St. Lawrence Trial Day 15 May 11, 2017 Journal News coverage follows:
“Christopher St. Lawrence said it would take “a magician” to reach the numbers he gave to Moody’s Investors Services, according to a taped 2013 conversation played Thursday during the Ramapo supervisor’s federal corruption trial.
The tape, made surreptitiously by a finance official, contained conversations during and after a Jan. 25, 2013, conference call between town officials and Moody’s representatives. [Read more…]
St. Lawrence trial day 14, May 10, 2017
Following is The Journal News coverage
“The whistleblower in Christopher St. Lawrence’s federal corruption trial testified Wednesday that she alerted the town’s auditors about fraud in Ramapo’s finances.
In her second day on the witness stand, Melissa Reimer, the town’s suspended supervisor of fiscal services and budget director, said she was questioned by a representative of PKF O’Connor Davies.
“I told her there was fraud in the town and the auditors were involved,” Reimer said she told Stacy Morton of the auditing firm during an April 2012 interview. [Read more…]
St. Lawrence trial day 13, May 9, 2017
After two weeks of listening mostly to the complicit and the compliant, the court now turned its attention to the courageous—the whistleblower who risked her job and possibly her career to report what she was seeing in the Ramapo’s financials crossing her desk. Melissa Reimer, the Town’s Supervisor of Fiscal Services and budget director, refused to listen to one-time finance director Nathan Oberman when he told her, “You do not have to do the right thing here, you only have to play ball and make the supervisor happy.” To do so would have made her an accomplice to the fraud she discovered in both the Town’s and the RLDC’s books.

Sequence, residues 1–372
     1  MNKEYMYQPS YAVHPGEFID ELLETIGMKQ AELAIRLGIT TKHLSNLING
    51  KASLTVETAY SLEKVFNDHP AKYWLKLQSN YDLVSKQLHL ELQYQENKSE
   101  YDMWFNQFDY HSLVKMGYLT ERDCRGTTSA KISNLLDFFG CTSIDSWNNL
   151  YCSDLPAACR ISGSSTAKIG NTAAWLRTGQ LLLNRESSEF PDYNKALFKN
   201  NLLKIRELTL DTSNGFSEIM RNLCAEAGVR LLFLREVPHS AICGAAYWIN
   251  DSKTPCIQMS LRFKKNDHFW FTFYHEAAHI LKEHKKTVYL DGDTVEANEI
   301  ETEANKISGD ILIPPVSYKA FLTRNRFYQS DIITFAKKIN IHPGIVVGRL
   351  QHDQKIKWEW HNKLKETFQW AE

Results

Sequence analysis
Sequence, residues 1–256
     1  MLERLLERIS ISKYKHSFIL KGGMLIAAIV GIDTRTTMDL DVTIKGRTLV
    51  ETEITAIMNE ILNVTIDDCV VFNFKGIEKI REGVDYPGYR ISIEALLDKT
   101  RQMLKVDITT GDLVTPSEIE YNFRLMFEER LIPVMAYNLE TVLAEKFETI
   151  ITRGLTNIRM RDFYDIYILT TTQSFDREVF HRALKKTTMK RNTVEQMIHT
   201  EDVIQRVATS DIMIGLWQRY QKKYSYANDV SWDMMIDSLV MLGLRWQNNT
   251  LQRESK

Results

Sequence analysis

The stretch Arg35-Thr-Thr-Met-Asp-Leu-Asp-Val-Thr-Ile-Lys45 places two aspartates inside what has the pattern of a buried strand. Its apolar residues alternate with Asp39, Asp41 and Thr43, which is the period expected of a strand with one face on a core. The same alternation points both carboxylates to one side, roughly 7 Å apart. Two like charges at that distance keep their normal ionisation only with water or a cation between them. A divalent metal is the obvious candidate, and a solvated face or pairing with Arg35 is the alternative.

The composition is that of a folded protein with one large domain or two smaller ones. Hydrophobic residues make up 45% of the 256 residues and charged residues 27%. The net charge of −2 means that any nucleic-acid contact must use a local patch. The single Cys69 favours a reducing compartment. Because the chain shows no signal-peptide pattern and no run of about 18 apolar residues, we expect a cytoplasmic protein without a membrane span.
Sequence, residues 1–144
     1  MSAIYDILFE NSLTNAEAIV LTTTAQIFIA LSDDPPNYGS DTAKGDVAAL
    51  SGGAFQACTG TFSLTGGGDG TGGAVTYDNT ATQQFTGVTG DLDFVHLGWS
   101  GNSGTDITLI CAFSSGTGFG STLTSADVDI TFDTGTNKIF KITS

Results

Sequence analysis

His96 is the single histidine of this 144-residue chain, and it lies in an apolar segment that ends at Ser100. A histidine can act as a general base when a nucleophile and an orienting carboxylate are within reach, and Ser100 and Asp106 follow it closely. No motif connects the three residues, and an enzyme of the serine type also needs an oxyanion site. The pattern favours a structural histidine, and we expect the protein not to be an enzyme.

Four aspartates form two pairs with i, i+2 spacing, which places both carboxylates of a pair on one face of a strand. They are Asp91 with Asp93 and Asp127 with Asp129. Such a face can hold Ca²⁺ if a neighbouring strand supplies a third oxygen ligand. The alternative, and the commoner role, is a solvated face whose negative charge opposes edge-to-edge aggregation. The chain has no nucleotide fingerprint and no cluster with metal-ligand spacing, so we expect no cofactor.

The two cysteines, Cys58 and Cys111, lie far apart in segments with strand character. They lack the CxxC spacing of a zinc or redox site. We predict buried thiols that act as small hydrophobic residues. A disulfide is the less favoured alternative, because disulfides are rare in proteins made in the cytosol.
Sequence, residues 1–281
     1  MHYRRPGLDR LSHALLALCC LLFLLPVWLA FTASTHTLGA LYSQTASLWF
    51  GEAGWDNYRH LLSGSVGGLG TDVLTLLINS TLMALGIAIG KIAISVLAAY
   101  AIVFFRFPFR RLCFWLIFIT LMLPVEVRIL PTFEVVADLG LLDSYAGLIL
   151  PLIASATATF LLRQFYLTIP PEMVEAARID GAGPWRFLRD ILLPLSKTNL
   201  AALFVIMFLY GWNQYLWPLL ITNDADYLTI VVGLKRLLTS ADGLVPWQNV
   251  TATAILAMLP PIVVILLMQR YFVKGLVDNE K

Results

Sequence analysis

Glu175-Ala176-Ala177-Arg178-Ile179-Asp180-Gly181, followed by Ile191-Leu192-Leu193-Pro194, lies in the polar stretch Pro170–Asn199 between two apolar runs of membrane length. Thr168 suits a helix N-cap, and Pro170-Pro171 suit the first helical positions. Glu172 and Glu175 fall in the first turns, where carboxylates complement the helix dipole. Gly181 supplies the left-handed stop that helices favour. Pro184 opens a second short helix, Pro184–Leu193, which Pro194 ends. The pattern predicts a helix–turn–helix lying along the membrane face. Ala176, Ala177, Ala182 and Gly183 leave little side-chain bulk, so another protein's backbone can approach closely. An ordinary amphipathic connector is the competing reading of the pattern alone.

Not only will the jury now get to listen to an insider’s narrative of what happened that resulted in the 22 felony charges brought against St. Lawrence, it’s expected that in the course of Ms. Reimer’s testimony the jury will be able to hear the voice of the accused supervisor in the form of iPhone recordings she turned over to the FBI. This could be the only “appearance” of St. Lawrence since the likelihood of his defense attorney putting him on the stand is remote. [Read more…]
St. Lawrence trial, day 12. May 8, 2017
Resuming after the weekend break, Judge Cathy Seibel decided to resolve the problem of the reluctant witness Michael Reilly. Reilly has failed to provide sufficient medical reasons for not appearing when called as a prosecution witness, so the Judge has ordered a FedEx overnight notification of his required presence, and failing that, if he does not respond, U.S. Marshals will be sent to retrieve Mr. Reilly, and he will be charged with failure to appear.
Michael Klein arrived with two attorneys, and when seated, he refused to answer the first three questions posed by the prosecuting attorney. He cited his fifth amendment right to respectfully decline to answer. Judge Seibel stopped the proceedings, excused the jury, and then addressed Klein and the Prosecutors. She ordered Klein to testify but did grant him immunity, assuring him that if he didn’t lie, what he says could not be used in a criminal prosecution against him. If he were to lie, however, the order would be revoked and he would be prosecuted. [Read more…]